Thus, light chain coherence likely co-occurs with heavy chain coherence in memory B-cells. These cells are formed from peripheral and thymic selection and produce functional antibodies.

Analysis of independent datasets related to coronavirus disease 2019 (COVID-19), multiple sclerosis, Kawasaki’s disease, and other diseases suggested a 93% light chain coherence in memory B-cells. However, pairwise comparisons of the present data with other independent older and more recent data revealed a 70% light chain coherence, thus eliminating the possibility of these results being explained by cross-contamination.

Furthermore, random swapping of 10% of the memory and naive B-cells resulted in 82% light chain coherence for memory B-cells and 17% coherence for naive cells, thus ruling out possible cell misclassification.

Comparisons of the junction regions revealed that recurrent antibodies, both memory, and naive B-cell types, have significantly fewer inserted bases and comparatively less complicated junction regions than arbitrary antibodies. This increases the probability of chance recurrences.

Recurrent antibodies with inserted nucleotides continued to exhibit light chain coherence compared to naive antibodies. This suggests that all functional antibodies, irrespective of their complexity, exhibit light chain coherence and only differ in frequency.


Overall, the current study reported that light chain coherence is ubiquitous in memory B-cells, while recurrence in naive cells is purely a function of chance.

Light chain coherence is correlated with selection and acquired functionality. This observation explains why it is less common in naive B-cells and more prevalent in memory B-cells that undergo central and peripheral selection upon antigen exposure.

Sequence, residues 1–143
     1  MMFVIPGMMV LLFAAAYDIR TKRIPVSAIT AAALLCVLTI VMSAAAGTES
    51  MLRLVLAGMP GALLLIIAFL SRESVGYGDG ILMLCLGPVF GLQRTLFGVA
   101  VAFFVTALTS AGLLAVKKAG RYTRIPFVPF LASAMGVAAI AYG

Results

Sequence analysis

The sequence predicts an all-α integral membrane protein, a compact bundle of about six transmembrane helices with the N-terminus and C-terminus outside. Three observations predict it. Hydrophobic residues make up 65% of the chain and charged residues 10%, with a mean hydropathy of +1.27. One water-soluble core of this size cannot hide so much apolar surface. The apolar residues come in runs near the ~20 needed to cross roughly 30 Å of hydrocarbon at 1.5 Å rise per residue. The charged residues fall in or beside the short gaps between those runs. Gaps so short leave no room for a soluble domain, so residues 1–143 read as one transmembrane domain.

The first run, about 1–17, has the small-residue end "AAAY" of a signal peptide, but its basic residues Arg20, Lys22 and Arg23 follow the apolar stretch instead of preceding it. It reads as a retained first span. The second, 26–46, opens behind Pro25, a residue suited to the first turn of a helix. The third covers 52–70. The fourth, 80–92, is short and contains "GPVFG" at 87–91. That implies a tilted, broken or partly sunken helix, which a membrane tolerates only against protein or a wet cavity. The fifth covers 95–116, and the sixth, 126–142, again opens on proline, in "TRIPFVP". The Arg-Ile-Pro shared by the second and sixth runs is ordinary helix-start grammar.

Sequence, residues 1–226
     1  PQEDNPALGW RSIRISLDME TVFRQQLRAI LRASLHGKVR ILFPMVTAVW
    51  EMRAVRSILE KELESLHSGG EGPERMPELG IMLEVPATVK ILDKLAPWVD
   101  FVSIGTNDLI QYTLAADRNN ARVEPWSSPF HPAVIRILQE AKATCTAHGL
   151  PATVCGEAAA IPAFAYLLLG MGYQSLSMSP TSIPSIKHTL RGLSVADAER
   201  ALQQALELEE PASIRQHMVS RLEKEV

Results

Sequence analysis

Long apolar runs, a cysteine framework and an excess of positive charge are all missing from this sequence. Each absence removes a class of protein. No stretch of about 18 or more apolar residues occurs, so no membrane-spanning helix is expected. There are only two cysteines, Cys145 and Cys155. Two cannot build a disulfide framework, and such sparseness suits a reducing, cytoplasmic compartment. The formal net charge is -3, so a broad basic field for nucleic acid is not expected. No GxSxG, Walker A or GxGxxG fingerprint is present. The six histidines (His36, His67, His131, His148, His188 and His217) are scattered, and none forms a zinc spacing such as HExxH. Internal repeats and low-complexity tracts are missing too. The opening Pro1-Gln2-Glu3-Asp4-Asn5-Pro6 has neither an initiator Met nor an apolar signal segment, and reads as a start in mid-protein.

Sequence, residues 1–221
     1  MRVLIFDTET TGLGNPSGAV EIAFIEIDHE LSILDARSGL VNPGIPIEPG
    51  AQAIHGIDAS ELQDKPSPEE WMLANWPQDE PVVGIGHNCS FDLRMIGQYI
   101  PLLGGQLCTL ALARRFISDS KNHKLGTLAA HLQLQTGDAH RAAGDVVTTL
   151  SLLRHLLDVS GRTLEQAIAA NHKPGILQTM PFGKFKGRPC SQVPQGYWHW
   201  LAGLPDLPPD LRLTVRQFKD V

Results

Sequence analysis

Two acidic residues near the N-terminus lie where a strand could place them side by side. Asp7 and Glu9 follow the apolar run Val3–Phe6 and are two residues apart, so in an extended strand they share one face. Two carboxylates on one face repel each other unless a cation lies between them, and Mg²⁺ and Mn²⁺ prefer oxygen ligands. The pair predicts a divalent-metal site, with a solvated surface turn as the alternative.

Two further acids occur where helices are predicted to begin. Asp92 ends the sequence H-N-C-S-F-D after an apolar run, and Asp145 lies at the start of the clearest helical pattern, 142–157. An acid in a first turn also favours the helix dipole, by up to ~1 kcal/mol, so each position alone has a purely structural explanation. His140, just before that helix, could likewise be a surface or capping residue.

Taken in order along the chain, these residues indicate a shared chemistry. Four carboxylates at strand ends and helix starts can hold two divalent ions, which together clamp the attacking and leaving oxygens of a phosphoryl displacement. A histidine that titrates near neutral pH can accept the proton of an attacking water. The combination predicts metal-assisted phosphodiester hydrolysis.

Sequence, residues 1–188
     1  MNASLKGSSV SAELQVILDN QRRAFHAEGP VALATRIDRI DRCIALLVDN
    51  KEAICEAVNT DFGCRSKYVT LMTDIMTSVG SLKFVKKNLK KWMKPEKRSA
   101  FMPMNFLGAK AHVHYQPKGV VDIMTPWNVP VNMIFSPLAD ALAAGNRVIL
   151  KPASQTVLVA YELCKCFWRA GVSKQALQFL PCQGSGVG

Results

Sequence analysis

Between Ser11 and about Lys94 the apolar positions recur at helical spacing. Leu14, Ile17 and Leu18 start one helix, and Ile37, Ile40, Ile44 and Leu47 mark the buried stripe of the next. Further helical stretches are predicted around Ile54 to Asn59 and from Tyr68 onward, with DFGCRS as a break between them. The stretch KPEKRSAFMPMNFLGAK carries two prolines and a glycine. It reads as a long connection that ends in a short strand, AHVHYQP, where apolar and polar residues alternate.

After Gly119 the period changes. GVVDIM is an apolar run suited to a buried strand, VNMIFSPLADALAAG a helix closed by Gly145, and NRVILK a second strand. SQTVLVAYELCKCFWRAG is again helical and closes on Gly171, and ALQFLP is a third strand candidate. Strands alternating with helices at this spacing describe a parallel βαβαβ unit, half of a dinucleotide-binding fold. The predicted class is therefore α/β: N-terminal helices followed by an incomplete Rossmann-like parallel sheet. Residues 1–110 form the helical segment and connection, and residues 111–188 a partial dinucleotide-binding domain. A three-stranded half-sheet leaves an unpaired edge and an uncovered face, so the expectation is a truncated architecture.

Furthermore, the recurrence of naive and memory B-cells is associated with reduced junction complexity in recurrent antibodies compared to arbitrary antibody junction regions, thus explaining their recurrence rates.

Journal reference:
  • Jaffe, D. B., Shahi, P., Adams, B. A., et al. (2022). Functional antibodies exhibit LIGHT CHAIN COHERENCE. Nature. doi:10.1038/s41586-022-05371-z

Posted in: Molecular & Structural Biology | Medical Science News | Medical Research News

Tags: Amino Acid, Antibodies, Antibody, Antigen, Bases, Blood, Cell, Contamination, Coronavirus, covid-19, Cytometry, Frequency, Gene, Genes, HIV, Immunodeficiency, in vitro, Influenza, Multiple Sclerosis, Nucleotides, Sclerosis, Virus

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Written by

Dr. Chinta Sidharthan

Chinta Sidharthan is a writer based in Bangalore, India. Her academic background is in evolutionary biology and genetics, and she has extensive experience in scientific research, teaching, science writing, and herpetology. Chinta holds a Ph.D. in evolutionary biology from the Indian Institute of Science and is passionate about science education, writing, animals, wildlife, and conservation. For her doctoral research, she explored the origins and diversification of blindsnakes in India, as a part of which she did extensive fieldwork in the jungles of southern India. She has received the Canadian Governor General’s bronze medal and Bangalore University gold medal for academic excellence and published her research in high-impact journals.